Stunning piece on 60 Minutes last weekend about David Walker, the comptroller general of the United States (Walker runs the Government Accountability Office, “which audits the government’s books and serves as the investigative arm of the U.S. Congress.”) He’s a prudent guy with a frightening message: The U.S. is radically over-promised, fiscally speaking. The numbers just don’t add up, and we’re heading for a fall – possibly financial collapse – if dramatic changes aren’t made, and fast.
Example: The first wave of Baby Boomers will hit the Medicare system in early 2008, and soon that system will be 5 times more overburdened than Social Security is now. He calls Bush’s prescription drug plan “the most fiscally irresponsible piece of legislation since the 1960s” — with one stroke of the pen, Medicare’s obligations were stretched by 40-75% over the next 75 years. We’d have to have $8 trillion invested in treasury bills today to begin to cover the bill. The reality: We’ve got zip. A pile of promises backed by thin air.
His message isn’t new – he’s been trying to get the word into the ears of politicians for years, but they don’t want to hear it. So he’s taking it to the streets, on an extended “wake up” tour of the U.S., talking to people and the media – whoever will listen.
What would happen in 2040 if nothing changes? “If nothing changes, the federal government’s not gonna be able to do much more than pay interest on the mounting debt and some entitlement benefits. It won’t have money left for anything else â€“ national defense, homeland security, education, you name it.”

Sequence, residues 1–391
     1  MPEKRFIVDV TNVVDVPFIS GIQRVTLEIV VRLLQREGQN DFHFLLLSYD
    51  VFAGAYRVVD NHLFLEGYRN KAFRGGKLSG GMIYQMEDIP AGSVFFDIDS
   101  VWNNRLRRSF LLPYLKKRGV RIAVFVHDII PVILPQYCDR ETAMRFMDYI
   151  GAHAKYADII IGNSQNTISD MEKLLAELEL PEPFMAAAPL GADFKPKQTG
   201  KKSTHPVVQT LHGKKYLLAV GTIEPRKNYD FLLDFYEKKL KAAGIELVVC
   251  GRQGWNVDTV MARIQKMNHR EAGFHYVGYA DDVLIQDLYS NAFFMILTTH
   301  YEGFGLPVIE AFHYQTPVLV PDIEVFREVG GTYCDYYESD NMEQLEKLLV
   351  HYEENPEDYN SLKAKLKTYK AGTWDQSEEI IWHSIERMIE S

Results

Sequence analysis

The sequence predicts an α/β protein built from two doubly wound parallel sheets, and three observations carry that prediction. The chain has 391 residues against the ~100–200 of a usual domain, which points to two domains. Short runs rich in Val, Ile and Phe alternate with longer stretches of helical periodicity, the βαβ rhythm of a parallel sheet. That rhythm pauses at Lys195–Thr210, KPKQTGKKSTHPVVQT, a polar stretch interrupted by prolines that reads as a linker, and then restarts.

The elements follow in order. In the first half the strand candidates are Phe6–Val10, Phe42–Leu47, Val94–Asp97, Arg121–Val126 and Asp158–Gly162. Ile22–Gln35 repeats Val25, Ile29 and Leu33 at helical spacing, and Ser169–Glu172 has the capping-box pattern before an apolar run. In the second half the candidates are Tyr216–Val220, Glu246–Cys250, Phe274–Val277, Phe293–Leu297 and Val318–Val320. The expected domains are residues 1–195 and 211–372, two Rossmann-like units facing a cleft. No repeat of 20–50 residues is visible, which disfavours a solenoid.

Our children’s future has been mortgaged over a barrel so many times over, it’ll be a wonder if there’s even such a thing as public schools in 20 years. Thinking about this kind of thing is like thinking about what life will be like when “the big one” hits California – so hard to contemplate the reality of it that, for the most part, we don’t.
One Reply to “The Sky is Falling”
It’s things like this that make me think “well, even the mighty Roman Empire fell.” That, of course leads to “but it’s not like Rome’s immediate neighbours got off lightly, either.”
If your government ever gets into a [more] dire financial crisis [than the one they’re currently in], they will just start changing their mind on things like that prescription drug plan. If there’s no money, there’s no money. Alternately they will seize all the drug companies and manufacture the drugs for ‘free’.
The whole thing is like watching a train wreck that takes 50 years.